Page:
So, just a few months away from blogging but the events of the recent weeks make me feel as if it has been a lifetime. Not laziness on my part, the reasons have been many and various; one potentially wonderful,...

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"writing, not drowning" - 5 new articles

  1. The great and the good
  2. 'Only remembered for what we have done'
  3. 'You may have the universe, if I may have Italy'
  4. Who by fire?
  5. On pesky viruses and perfect companions

The great and the good

So, just a few months away from blogging but the events of the recent weeks make me feel as if it has been a lifetime. Not laziness on my part, the reasons have been many and various; one potentially wonderful, which I hope to write about soon; at least two of great sadness (collective sadness - the murder of Jo Cox MP - and personal - the death of my beloved Dear Old Edinburgh Gent); a nasty and lingering bout of bacterial broncho-pneumonia, from which I have not fully recovered, although I am nearly there, and the shock and sadness of watching my country as it unravels, left to the mercy of a shifty bunch of politicians who clearly haven't a clue where we go to from here.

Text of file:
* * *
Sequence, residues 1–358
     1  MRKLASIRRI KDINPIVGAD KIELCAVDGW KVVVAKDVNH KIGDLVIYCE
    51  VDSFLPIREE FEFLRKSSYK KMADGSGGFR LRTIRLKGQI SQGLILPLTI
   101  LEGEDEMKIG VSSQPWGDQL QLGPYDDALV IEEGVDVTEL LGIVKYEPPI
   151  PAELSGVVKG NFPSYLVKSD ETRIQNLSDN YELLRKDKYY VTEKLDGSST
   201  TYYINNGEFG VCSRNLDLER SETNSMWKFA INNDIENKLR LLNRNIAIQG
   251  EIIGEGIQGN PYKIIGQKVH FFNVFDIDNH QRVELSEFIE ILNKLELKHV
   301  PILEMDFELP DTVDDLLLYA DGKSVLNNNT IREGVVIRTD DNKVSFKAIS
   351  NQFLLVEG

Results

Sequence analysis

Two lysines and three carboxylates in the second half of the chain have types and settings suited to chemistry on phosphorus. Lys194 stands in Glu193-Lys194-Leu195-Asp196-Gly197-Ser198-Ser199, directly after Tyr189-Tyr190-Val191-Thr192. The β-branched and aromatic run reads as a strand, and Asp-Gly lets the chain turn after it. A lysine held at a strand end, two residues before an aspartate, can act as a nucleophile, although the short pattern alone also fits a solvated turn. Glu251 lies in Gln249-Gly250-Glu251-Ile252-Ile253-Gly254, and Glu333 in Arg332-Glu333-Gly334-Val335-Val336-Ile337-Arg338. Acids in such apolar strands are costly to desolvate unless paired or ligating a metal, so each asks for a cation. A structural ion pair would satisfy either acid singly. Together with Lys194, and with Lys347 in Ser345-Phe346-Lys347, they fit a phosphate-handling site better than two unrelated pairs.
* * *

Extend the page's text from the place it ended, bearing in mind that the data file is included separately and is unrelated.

The Dear Old Edinburgh Gent, my beloved Labrador, deserves a post to himself and I will write that in due course but his death came just a few days after my excellent GP told me that I was 'very ill indeed' and must rest. I took the medicine (conventional and then homeopathic), I stopped doing everything that I love - yoga, Pilates, singing (impossible when one has no puff) - and restricted myself to walking the dogs (my two and one guest) twice a day, and doing special breathing exercises. A few days later, there were just two dogs to walk . . . but at least the sun shone for most of the time, and I could sit out in my garden, watch everything spring into abundant life, and listen to the birds singing, all of which softened the blow a little.